Review by Frank Plowright
When we last saw Pearl Jones in volume five she’d survived to the 1950s and found a measure of happiness and contentment. That didn’t last until the end of the book, which she survived. Just.
Volume seven opens in 1965. Pearl has returned home to the family land in Kansas that she left forty years previously to seek her fortune in Hollywood. She’s masquerading as her daughter, claiming to be called Henrietta, and takes in runaway children, which doesn’t sit well with the remainder of the community. As this is American Vampire, these are no ordinary children, and despite her care, life isn’t easy.
Being the daddy of all American vampires, Skinner Sweet is still active, still without conscience, and still beyond paying for his deeds. As unrecalcitrant villains go, they don’t come much better than Sweet. He revels in what he is, has little but contempt for others, and prioritises his own needs at all times. In the opening chapter Scott Snyder even provides a very cool hideout for him, dating back to the 1880s.
Not that it matters now, but there’d been a considerable gap in publication between graphic novels, and there’s a deliberate attempt in this book to draw together all the threads introduced over the 20th century in the previous books. That’s not to say there’s no innovation or new threats. In fact the Grey Trader is the most viscerally terrifying character introduced in the series to date, expanding the repertoire of horrors beyond anything previously seen. Let’s put it this way: if Sweet is running scared, what does it imply for anyone else?
As ever, it’s with this type of material that Rafael Alburquerque is at his best. He relishes an opportunity to terrify, and as the ante is upped considerably he can frequently display his artistic strengths. Where Alburquerque’s not as good is in establishing the detail conveying the cast actually occupy a real world. He’s not one for anything but the most basic of backgrounds, and all too often the characters appear to be floating on a splodge of Dave McCaig’s colour within the panels.Dispensing entirely with panel borders for montages in places is an interesting technique. Guest artist Matias Bergara takes over for the final chapter, and he’s a revelation. His pages have the same looseness as Alburquerque, but with a greater sense of style and substance.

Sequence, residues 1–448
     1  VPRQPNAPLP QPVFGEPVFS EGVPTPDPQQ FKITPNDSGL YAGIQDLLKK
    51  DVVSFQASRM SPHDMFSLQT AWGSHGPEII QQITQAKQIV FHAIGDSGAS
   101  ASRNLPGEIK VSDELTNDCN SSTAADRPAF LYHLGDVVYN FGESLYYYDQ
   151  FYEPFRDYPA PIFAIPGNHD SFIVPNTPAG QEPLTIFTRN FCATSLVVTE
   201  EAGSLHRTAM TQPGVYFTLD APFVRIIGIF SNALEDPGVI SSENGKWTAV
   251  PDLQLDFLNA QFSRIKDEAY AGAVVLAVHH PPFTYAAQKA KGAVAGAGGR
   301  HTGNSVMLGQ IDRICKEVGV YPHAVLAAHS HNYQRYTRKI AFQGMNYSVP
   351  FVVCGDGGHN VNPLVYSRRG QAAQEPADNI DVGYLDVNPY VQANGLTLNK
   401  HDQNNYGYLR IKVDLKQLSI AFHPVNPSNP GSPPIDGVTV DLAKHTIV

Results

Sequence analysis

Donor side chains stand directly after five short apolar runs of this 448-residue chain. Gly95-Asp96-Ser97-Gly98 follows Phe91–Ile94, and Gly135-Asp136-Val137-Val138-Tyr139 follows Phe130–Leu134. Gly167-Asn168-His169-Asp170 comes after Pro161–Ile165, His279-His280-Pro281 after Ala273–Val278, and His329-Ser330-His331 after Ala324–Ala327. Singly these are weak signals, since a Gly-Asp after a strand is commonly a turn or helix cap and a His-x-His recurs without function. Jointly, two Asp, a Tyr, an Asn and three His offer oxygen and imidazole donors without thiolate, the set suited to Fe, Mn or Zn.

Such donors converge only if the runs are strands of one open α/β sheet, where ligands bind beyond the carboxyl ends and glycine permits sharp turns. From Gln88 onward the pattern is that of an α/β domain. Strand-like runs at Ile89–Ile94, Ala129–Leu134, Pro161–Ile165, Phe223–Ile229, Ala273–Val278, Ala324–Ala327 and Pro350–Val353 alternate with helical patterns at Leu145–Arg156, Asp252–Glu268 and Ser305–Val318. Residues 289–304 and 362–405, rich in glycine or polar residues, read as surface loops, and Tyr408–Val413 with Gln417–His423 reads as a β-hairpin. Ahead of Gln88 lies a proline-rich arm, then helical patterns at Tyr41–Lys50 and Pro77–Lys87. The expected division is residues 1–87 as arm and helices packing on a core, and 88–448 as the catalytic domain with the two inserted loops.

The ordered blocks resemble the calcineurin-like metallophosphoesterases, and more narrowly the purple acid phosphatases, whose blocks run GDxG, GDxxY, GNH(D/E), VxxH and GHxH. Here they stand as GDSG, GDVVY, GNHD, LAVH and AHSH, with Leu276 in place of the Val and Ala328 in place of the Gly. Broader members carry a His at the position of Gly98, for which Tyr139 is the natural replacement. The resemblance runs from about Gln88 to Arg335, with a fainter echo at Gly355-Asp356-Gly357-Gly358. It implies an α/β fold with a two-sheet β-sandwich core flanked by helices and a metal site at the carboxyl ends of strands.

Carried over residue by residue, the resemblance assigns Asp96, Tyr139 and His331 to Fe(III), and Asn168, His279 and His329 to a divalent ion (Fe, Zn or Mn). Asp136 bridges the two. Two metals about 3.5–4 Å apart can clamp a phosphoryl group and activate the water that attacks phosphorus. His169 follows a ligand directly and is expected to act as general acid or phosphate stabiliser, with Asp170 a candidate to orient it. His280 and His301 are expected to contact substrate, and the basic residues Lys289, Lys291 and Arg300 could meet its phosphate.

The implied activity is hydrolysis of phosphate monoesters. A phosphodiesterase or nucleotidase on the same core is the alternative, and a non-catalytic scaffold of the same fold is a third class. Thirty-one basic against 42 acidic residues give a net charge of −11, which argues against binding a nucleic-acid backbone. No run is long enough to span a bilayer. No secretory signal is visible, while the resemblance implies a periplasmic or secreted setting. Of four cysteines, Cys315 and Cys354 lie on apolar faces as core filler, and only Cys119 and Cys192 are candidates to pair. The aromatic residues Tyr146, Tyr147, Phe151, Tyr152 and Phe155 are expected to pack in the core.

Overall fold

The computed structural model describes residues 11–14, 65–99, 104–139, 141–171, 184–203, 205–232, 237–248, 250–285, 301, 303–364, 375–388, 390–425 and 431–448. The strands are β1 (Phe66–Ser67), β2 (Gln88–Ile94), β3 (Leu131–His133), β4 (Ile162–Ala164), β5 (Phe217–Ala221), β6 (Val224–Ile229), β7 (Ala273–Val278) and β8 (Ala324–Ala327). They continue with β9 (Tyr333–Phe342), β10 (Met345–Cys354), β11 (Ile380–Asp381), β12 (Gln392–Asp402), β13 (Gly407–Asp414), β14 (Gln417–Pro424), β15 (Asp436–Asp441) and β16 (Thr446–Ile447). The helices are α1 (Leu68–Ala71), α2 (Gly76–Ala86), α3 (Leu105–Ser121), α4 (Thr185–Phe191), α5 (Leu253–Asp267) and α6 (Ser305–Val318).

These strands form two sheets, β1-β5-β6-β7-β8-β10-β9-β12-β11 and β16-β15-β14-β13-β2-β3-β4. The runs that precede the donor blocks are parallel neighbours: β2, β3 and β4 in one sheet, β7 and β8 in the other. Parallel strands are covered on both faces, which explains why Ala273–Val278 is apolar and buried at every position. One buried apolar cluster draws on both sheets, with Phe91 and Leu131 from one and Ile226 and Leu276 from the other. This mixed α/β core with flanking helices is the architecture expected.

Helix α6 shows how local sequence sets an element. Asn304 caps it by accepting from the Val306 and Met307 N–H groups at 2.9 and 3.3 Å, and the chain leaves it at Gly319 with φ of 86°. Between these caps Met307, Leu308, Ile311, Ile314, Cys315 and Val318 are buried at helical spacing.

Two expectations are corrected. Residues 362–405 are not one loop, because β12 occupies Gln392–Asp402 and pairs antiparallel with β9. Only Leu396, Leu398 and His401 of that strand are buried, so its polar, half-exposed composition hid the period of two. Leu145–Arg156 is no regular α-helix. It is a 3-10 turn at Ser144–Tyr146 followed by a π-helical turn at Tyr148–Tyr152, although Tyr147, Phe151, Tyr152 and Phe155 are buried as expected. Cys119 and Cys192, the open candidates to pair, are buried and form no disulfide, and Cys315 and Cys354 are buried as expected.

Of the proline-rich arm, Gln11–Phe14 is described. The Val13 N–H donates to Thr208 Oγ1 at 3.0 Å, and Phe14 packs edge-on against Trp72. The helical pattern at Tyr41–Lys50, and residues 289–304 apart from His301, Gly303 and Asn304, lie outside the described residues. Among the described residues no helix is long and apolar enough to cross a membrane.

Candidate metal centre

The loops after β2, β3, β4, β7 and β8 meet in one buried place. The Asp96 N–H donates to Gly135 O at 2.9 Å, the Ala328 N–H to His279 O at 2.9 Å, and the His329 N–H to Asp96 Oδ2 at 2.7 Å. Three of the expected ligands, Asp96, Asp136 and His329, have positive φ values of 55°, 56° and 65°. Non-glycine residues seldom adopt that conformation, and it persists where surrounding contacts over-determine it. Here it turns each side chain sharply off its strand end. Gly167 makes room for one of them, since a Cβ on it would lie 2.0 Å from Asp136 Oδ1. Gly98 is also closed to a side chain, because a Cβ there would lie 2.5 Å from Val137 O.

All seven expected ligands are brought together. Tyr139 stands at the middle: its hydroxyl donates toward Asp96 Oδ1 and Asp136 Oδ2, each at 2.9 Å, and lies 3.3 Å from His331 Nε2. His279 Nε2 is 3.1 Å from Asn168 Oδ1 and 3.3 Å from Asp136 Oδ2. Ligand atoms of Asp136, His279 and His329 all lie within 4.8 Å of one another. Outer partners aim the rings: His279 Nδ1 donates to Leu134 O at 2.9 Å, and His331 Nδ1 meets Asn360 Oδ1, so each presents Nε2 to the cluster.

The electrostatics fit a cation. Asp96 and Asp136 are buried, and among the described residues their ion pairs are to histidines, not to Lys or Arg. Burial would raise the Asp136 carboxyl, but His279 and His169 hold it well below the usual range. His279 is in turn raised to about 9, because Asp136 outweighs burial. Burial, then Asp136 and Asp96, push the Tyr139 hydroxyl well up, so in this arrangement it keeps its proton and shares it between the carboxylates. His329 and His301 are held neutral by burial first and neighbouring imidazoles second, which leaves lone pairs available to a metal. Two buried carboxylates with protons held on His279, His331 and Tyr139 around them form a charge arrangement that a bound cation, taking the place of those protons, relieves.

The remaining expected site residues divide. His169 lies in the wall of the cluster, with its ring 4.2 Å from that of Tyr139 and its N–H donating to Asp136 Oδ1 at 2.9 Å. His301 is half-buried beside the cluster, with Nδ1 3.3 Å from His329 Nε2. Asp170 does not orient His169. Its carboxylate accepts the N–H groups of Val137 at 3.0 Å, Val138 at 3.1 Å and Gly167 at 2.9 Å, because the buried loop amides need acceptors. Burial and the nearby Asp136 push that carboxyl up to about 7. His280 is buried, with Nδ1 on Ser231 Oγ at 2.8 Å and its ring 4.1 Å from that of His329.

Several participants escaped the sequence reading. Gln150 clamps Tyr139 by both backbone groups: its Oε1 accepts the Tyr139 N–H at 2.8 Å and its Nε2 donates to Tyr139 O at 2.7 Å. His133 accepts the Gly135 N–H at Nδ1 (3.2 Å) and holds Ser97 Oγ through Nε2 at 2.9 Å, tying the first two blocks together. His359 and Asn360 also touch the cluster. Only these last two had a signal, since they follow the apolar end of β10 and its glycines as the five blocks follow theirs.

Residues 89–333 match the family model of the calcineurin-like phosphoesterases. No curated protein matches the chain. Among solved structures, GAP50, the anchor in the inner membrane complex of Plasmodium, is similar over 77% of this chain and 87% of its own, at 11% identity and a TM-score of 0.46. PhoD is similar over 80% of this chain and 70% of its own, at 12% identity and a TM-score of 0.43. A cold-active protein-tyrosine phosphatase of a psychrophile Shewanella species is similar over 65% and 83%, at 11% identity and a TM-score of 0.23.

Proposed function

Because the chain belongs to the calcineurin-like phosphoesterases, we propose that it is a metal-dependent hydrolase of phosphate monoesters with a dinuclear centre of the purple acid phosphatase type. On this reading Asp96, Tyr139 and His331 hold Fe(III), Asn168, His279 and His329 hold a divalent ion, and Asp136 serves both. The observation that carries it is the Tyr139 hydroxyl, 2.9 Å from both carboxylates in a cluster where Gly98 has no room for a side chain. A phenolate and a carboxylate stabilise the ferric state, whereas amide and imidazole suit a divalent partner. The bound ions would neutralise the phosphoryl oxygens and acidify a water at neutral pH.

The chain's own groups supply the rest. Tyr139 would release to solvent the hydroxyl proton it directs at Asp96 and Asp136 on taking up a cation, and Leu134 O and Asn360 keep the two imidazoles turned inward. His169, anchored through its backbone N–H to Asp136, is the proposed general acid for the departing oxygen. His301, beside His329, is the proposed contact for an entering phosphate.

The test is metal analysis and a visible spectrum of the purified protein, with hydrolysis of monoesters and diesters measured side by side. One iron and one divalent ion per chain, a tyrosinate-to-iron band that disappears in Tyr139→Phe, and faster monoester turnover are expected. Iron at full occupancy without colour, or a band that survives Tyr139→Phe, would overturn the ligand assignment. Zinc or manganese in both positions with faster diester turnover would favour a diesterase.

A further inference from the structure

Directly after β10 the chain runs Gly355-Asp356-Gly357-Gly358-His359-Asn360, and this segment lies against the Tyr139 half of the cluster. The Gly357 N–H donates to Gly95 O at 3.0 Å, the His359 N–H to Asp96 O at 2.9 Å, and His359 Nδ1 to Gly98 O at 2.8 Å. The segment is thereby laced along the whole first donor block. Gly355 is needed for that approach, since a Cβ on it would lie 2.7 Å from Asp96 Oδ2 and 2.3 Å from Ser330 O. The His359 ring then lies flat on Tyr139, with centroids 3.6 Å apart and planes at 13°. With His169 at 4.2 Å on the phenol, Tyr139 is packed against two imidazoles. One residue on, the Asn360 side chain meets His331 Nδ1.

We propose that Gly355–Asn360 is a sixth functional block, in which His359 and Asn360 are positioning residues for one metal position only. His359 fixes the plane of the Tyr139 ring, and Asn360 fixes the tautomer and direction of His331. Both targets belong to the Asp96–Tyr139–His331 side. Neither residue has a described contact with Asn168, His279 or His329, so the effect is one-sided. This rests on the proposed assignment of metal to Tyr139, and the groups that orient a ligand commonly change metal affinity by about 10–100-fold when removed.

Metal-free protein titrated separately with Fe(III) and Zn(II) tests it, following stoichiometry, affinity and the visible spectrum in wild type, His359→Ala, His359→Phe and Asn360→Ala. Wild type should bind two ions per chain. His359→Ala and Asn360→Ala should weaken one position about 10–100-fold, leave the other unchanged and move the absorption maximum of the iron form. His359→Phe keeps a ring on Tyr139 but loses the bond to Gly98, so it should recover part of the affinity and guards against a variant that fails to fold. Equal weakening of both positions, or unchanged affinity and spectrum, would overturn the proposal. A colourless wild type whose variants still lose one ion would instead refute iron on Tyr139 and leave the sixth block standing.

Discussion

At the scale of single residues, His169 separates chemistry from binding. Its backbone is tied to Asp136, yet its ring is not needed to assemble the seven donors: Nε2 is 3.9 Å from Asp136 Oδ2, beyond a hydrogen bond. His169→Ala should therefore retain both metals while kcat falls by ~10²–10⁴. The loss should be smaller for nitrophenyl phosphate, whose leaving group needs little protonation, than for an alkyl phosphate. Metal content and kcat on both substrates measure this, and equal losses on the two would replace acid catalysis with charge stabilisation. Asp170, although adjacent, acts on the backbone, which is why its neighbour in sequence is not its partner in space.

Bergara’s tale follows up on a thread mentioned in passing during the main story, that of a researcher for vampire hunters Vassals of the Morning Star, now more conveniently referred to as the VMS. He’s following information from a miner’s journal dating from the 1850s, pages of which are interspersed with the tale set a century later. We already know Bunting’s fate, and here discover the details.
By the conclusion of this graphic novel the main thrust of the series has been pointed in a new direction, and anyone who’s enjoyed the series to date will surely want to pick up volume eight.